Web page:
Russia Asked for American Rescue Copters in Syria

Moscow's own rescuers need help

Russia Asked for American Rescue Copters in Syria Russia Asked for American Rescue Copters in Syria
Shortly after Russia deployed an air wing to western Syria in order to help save the embattled regime of Syrian president Bashar Al Assad,... Russia Asked for American Rescue Copters in Syria

Shortly after Russia deployed an air wing to western Syria in order to help save the embattled regime of Syrian president Bashar Al Assad, Moscow asked the United States to supply rescue helicopters to keep watch over Russian aviators.

The Pentagon said no, according to a brief story by Air Force magazine’s Brian Everstine, reporting from the Air Force Association’s symposium in Orlando. Lt. Gen. Charles Brown, the commander of Air Forces Central Command, recommended against helping because “the U.S. has just enough resources to take care of itself,” according to Everstine.

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Rescue forces are rare and specialized. The Air Force’s roughly 100 HH-60G helicopters and their pararescue jumpers are America’s main rescue resource. The Marines’ aircraft-recovery units flying in MV-22B tiltrotors can perform a rescue function, too, as can U.S. Special Operations Forces with their own H-47, H-60 and V-22 rotorcraft.

Air Force HH-60Gs are in Turkey, Marine MV-22Bs are in Kuwait and Special Operations Command has undoubtedly deployed its own aircraft to the Middle East for operations over Syria. But on a good day, commanders might have just a handful of rescue copters to cover potentially hundreds of aircrew flying over enemy territory.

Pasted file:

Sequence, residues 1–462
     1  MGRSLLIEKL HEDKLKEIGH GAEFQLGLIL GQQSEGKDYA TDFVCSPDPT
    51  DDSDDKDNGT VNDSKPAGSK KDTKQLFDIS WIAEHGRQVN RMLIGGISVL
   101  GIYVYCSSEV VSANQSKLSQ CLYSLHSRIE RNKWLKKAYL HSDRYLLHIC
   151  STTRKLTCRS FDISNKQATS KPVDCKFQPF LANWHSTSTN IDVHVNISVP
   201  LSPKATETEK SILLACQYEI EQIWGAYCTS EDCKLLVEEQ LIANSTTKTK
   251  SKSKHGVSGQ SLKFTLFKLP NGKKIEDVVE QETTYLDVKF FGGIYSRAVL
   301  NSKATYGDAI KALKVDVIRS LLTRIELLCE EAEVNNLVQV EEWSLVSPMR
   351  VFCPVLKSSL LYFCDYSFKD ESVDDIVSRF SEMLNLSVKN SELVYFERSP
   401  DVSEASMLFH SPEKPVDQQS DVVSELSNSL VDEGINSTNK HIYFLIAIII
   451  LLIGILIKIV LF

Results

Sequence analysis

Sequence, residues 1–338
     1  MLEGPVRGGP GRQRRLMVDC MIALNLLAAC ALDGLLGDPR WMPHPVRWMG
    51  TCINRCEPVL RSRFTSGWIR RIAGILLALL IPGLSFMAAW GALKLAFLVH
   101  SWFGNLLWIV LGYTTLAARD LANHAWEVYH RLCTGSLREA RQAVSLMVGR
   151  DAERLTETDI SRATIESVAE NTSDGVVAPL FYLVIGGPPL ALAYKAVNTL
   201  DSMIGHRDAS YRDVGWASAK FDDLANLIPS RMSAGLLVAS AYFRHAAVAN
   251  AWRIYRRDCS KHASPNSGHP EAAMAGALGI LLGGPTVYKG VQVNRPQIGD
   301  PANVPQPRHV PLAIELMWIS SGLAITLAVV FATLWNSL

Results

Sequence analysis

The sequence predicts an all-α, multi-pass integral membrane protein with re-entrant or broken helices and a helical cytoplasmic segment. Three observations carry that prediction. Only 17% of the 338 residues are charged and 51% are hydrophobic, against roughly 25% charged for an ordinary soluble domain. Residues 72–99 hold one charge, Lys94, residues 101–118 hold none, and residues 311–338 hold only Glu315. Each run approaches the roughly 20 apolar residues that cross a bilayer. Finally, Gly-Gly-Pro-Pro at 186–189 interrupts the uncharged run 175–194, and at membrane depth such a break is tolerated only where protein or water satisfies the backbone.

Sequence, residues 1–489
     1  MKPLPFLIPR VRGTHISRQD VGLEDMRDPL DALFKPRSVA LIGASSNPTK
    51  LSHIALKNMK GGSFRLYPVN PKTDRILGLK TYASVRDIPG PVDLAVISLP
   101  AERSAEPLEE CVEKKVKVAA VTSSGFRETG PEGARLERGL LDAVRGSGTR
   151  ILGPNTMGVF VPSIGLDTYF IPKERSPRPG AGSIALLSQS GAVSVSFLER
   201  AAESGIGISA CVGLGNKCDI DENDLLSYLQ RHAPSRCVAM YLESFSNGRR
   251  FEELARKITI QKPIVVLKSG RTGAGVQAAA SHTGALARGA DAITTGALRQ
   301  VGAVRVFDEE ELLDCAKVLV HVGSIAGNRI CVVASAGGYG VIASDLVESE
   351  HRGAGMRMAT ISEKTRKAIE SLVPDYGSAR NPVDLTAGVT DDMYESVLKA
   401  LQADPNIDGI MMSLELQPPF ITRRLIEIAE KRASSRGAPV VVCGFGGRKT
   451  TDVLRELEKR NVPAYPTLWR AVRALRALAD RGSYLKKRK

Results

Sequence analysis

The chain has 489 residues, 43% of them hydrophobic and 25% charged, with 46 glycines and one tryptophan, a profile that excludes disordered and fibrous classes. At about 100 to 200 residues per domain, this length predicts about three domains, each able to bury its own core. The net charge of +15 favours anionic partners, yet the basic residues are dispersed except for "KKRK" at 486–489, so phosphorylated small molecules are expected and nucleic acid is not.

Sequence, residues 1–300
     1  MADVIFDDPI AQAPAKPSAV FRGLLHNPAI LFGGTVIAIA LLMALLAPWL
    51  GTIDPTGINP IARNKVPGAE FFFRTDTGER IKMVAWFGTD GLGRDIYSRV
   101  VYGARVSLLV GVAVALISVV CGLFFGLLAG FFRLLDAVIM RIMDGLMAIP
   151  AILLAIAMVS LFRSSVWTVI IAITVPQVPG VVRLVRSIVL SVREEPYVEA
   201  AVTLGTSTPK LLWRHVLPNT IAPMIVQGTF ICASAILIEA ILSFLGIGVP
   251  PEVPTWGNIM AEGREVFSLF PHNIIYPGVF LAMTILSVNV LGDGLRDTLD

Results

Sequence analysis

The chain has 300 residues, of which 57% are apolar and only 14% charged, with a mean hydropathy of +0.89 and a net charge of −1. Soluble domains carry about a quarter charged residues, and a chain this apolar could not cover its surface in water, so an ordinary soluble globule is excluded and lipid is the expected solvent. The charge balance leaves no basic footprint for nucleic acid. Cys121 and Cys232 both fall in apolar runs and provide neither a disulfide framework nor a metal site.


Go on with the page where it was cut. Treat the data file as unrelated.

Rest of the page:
As it turns out, Russia really did need rescuers. On Nov. 24, Turkish air force F-16s shot down a Russian Su-24 bomber after the Russian plane allegedly briefly strayed into Turkish airspace. The two-man Su-24 crew ejected over Syria. Rebels on the ground gunned down one crewman. Two Russian Mi-8 helicopters carrying Russian marines and Syrian and Hezbollah commandos flew to retrieve the surviving pilot.

Rebels attacked the copters as they landed, damaging one rotorcraft and killing a marine. The surviving rescuers retrieved the Su-24 pilot. Later, rebels destroyed the damaged Mi-8, which the Russians had abandoned, with a U.S.-made TOW missile.

Besides the matter of resourcing, there are good policy reasons why the United States would not offer direct assistance to Russia’s campaign in Syria. Despite claiming that its forces are in Syria to help defeat Islamic State — a goal that, in theory, Washington could get behind — in reality Russian air strikes frequently target U.S.-backed rebels and unarmed civilians.

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